The record further bears out the fact that after effecting the arrest of appellant, the NARCOM operatives brought him and the confiscated marijuana to the PC Headquarters in Trancoville for investigation. There, both Sergeants Fider and Pejuro affixed their respective signatures on the brown envelope containing the prohibited merchandise. 15 The following day, April 24, 1987, the same envelope with its contents were forwarded through one Sgt. Baylo to the PC Crime Laboratory at Camp Bado Dangwa for analysis. 16

There were two examinations that were conducted on the specimen thus submitted. The first, made by forensic chemist Capt. Elias Canapi, yielded affirmative results as shown in Technical Report No. D-048-87 earlier mentioned. The second was undertaken by Lt. Noelita Pineda, also a forensic chemist at Camp Bado Dangwa, and her Chemistry Report No. D-078-88, 17 likewise showed that the specimen was positive for marijuana. Lt. Pineda testified that she applied the modified Duquenois-Levines test and the thin layer chromotography examination both of which, according to her, were precisely undertaken in order to make sure that the specimen examined is indeed positive for marijuana. 18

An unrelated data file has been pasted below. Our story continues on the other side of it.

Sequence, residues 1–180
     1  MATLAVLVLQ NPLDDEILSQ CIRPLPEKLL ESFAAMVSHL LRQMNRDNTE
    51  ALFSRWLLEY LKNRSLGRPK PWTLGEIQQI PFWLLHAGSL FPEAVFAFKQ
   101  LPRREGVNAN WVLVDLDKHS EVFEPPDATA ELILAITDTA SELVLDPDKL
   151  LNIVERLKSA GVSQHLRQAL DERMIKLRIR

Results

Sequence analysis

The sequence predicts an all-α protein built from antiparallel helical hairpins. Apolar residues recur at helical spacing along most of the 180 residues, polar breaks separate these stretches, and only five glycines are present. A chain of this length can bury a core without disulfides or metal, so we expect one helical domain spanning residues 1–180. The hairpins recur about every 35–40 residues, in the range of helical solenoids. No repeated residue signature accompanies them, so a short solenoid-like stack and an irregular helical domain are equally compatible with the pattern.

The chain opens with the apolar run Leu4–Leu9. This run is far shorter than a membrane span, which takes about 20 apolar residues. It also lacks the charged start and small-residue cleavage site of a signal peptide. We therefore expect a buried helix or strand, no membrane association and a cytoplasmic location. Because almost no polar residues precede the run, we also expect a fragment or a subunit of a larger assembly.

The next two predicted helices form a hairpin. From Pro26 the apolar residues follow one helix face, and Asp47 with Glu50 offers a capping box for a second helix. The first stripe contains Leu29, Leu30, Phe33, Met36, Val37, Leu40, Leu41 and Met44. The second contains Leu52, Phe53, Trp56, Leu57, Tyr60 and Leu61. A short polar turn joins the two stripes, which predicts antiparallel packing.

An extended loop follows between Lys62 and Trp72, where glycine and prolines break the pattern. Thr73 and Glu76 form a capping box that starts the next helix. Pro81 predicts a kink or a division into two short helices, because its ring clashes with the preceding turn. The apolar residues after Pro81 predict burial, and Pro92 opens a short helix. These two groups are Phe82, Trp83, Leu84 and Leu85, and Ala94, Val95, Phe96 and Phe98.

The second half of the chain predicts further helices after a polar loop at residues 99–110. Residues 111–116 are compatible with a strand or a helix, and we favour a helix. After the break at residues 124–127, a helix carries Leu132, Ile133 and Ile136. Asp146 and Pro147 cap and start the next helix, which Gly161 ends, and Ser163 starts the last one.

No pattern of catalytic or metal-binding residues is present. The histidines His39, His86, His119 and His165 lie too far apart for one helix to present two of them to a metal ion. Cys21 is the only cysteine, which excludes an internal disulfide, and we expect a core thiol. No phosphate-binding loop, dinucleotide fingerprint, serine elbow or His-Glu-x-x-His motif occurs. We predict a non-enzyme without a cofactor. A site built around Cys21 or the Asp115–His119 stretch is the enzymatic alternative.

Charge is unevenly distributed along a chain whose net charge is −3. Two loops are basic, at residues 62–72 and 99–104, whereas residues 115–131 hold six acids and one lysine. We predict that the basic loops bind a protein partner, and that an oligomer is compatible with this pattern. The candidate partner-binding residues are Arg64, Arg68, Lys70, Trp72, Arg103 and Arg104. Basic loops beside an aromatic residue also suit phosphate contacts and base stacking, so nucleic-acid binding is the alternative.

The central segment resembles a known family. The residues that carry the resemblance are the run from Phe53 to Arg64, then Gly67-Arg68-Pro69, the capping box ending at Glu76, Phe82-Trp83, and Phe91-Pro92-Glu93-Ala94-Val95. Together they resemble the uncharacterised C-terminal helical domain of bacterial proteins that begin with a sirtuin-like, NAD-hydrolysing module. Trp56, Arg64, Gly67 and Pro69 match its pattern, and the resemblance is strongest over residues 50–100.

At the trial, Sgt. Fider, Sgt. Pejuro and Lt. Pineda categorically identified the confiscated objects taken from appellant Pacleb, hence clearly establishing the case for the prosecution. Thus:chanrob1es virtual 1aw library

Sgt. Godofredo Fider

"DIRECT EXAMINATION

BY FISCAL CENTENO:chanrob1es virtual 1aw library

q Sgt. Fider, during your last testimony, you were asked whether you could identify the marijuana taken from the accused Rolando Pacleb on April 23, 1987. If you are shown that item which you confiscated from the accused Rolando Pacleb, will you be able to identify the same?

a Yes, sir.

q I am showing to you a brown paper bag already marked as Exhibit ‘D-1’ for the prosecution, will you please go over this if that brown paper bag contains marijuana.

a This is the same marijuana which we confiscated from the accused Rolando Pacleb, sir.

q Why do you say that the items contained in Exhibit ‘D-1’ are the marijuana confiscated from the accused Rolando Pacleb?

a I have my signature appearing in this brown paper bag.

q You said that you have your signature on the brown paper bag. Will you please point to the Honorable Court your signature?

a This, sir (witness pointing to a signature in black sign pen with the date 23 April 1987.)" 19

Sgt. Domingo Pejuro

"q Now, if you see the item which you saw being held by Sgt. Fider at the time of the arrest, will you be able to identify the same?

a Yes, sir.

q Now, you said a while ago that you will be able to identify the same if you will see it again. I am showing to you an item already marked as Exhibit ‘D-1’ for the prosecution. Will you please go over this if this is the same item which you saw being held by Sgt. Fider at the time he effected the arrest?

a This is what was handed by the accused to Sgt. Fider. My signature appears there.